This Creamy Orzo with Mushrooms and Parmesan recipe is a delicious way to add some interest to an otherwise ordinary menu. Mushrooms, garlic, and fresh herbs combine with orzo, a touch of sour cream and Parmesan to create this special side dish.
When menu planning often-times I get stumped by side dish choices. The rest of the menu seems to come easily. But, but I have a tendency to bounce back and forth between rice and potatoes for the non-veggie side. Not that there’s anything at all wrong with rice and potatoes but it’s nice to have some options.
I have a great little recipe to share with you today that’s going to totally up your side dish game. This Creamy Orzo with Mushrooms and Parmesan stands in perfectly for either rice or potatoes on almost any menu. It is fabulous served with grilled, baked, or roasted meats.
Mushrooms, fresh thyme, and fresh basil give this dish a rustic look and fantastic flavor. Mushrooms and thyme go hand in hand for me. The flavors complement each other magnificently. I have a strong preference for fresh thyme in this dish, but it’s also excellent with the dried thyme.
What is Orzo?
The star of this show is orzo; an extremely versatile, rice-like pasta. Although it looks like rice, you’ll find it in the dry pasta section of the grocery store. Orzo is commonly used in soups, side dishes, and pasta salads like my Orzo Salad with Roasted Red Peppers, Spinach, and Feta. It’s also an important component to my Almond Rice Pilaf which is on our menu at least two or three times a month. Check out this article from Good Housekeeping for more information on orzo.
As you can see, there are all kinds of different methods of preparation. This recipe showcases this fun little pasta in one of my favorite ways.
How to Make Creamy Orzo with Mushrooms and Parmesan
- Melt a couple of tablespoons of butter and add the chopped mushrooms, onions, and garlic. After the mixture has cooked down a bit, season it with the salt, pepper, and fresh thyme.
- Transfer the cooked mushrooms and onions to a dish and set it aside while we move on to the orzo.
- Melt another tablespoon of butter in the same pan and add the orzo. Cook and stir it for a couple of minutes until it is just beginning to get a nice, toasty, golden brown.
- Add the broth, bring it to a nice simmer, then reduce the heat to low and cover the pan. Cook it for about 20 minutes or until all the liquid has been absorbed. Once the orzo has plumped up and absorbed all the broth, add the cooked mushrooms and onions.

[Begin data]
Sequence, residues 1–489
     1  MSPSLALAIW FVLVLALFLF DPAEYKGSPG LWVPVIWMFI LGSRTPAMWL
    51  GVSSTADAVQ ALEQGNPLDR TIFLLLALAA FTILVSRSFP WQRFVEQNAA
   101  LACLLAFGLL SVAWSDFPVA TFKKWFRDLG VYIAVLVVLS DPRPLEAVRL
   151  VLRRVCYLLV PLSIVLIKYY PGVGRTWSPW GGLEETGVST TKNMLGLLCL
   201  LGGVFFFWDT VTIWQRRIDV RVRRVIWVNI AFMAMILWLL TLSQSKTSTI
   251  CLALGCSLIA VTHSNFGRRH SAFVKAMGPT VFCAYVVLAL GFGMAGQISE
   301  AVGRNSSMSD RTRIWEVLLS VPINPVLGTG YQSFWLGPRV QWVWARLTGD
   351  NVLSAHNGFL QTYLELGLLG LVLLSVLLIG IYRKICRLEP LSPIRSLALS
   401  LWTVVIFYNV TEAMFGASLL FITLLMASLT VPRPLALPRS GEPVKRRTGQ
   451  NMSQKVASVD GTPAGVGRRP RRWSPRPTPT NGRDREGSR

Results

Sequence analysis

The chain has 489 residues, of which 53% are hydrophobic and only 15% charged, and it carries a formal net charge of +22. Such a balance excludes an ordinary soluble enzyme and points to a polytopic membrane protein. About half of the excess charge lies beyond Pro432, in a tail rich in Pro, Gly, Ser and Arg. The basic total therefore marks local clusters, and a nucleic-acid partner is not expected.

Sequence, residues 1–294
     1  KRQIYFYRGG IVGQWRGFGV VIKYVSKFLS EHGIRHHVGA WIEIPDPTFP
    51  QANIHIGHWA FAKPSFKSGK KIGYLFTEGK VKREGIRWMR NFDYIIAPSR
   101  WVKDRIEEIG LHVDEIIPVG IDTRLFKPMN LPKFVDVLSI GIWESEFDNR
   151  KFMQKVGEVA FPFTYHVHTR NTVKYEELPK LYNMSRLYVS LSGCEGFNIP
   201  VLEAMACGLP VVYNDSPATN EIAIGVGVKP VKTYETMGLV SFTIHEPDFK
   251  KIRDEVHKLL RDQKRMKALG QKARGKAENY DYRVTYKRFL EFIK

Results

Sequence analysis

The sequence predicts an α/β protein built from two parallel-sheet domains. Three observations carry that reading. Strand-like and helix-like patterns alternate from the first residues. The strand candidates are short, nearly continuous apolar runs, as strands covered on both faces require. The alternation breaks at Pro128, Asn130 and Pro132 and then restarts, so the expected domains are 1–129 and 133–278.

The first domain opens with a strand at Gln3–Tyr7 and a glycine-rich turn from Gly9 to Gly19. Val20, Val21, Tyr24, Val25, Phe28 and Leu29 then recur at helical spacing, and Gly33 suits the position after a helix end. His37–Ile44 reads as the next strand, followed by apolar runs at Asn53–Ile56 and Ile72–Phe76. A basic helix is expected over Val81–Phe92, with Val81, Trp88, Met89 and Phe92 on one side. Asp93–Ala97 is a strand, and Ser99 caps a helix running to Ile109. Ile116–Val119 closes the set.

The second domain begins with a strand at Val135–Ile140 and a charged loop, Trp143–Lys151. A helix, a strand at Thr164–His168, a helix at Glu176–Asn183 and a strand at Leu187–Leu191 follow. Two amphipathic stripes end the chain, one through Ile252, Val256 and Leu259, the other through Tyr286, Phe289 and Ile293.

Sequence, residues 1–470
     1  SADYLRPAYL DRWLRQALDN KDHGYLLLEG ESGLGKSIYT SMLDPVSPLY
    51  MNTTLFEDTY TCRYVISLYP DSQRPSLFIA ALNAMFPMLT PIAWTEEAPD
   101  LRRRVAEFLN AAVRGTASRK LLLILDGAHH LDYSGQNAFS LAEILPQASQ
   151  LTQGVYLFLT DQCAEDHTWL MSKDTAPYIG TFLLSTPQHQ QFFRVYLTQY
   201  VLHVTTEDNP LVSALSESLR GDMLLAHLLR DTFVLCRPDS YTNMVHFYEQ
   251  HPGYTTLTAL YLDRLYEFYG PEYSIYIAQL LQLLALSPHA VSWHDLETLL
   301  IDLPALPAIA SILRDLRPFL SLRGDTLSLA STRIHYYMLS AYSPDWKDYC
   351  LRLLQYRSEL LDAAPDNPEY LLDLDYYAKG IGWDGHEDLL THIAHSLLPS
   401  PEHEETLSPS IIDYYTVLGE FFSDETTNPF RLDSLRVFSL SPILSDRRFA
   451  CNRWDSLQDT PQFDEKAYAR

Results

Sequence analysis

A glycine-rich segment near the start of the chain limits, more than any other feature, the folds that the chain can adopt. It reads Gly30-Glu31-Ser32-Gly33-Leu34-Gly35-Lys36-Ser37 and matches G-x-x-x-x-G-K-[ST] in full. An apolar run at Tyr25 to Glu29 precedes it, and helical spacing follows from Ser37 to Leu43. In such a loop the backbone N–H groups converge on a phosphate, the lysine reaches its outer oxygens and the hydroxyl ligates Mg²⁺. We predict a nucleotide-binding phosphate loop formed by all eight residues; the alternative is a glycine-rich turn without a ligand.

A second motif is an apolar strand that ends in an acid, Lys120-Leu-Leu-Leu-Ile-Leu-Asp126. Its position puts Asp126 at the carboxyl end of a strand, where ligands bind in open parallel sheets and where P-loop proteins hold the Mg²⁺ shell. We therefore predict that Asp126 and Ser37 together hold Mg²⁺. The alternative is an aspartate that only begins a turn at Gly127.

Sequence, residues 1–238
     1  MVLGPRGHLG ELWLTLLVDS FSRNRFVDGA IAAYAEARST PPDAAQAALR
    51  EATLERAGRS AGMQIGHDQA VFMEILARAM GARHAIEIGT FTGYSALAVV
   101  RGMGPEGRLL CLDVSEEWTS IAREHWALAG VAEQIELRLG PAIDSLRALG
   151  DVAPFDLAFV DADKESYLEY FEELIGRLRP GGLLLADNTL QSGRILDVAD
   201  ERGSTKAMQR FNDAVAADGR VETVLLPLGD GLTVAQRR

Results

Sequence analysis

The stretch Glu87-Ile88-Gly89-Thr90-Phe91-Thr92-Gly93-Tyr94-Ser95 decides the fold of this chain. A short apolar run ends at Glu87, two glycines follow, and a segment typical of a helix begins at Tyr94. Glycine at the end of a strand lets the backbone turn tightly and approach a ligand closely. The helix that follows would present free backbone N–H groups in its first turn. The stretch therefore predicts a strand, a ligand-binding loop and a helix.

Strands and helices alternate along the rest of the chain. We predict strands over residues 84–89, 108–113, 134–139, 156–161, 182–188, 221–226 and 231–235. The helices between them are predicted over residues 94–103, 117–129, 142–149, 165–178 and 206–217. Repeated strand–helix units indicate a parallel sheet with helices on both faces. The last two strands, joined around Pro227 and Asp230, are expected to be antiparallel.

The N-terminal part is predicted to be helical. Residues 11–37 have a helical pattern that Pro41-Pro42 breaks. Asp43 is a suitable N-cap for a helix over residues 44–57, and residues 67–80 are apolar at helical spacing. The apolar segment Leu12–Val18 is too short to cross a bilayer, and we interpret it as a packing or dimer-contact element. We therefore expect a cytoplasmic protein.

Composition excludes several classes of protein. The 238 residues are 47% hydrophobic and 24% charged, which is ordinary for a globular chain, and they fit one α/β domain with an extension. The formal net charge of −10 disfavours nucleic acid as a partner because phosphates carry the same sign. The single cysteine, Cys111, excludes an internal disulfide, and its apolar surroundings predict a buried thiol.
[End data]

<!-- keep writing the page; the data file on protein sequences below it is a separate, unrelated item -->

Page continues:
- Add some Parmesan, a little bit of sour cream, and the chopped fresh basil.
- Sprinkle the top with the remaining Parmesan and it is ready to serve.
Creamy Orzo with Mushrooms and Parmesan
- 3 tablespoons butter, divided
- 10 small brown button, cremini mushrooms
- ½ cup diced onion
- 1 teaspoon minced garlic
- ½ teaspoon salt
- fresh ground pepper, to taste
- 1 tablespoon chopped fresh thyme, or 1 teaspoon dried thyme
- 1 ½ cups uncooked orzo pasta
- 3 cups low-sodium chicken broth or vegetable broth
- ¾ cup grated Parmesan cheese, divided
- ¼ cup light sour cream
- ¼ cup chopped fresh basil
- Melt 2 tablespoons butter in a skillet over medium-high heat. Add chopped mushrooms, onion, and garlic. Season with salt, pepper, and thyme. Cook and stir until mushrooms are slightly softened, approximately 3 or 4 minutes. Transfer cooked mushrooms and onions to a plate and return pan to the heat. Add an additional tablespoon of butter to the same pan and when it has melted, add the orzo. Cook and stir for a couple of minutes until lightly browned. Stir in broth and bring to boil. Cover. Reduce heat and simmer until orzo is tender and liquid is absorbed, about 15 to 20 minutes.
- Return cooked mushroom mixture to the skillet and stir to combine with the cooked orzo. Mix in ½ cup Parmesan cheese, the sour cream, and basil. Sprinkle remaining Parmesan cheese over the top. Taste and season with additional salt and pepper, if needed. Serve warm.
Nutrition information is automatically calculated using generic ingredients, and is an estimate not a guarantee. For more accurate results, please refer to the labels on your ingredients at home.
This post was originally published on June 17, 2013. It has been updated with new text and images.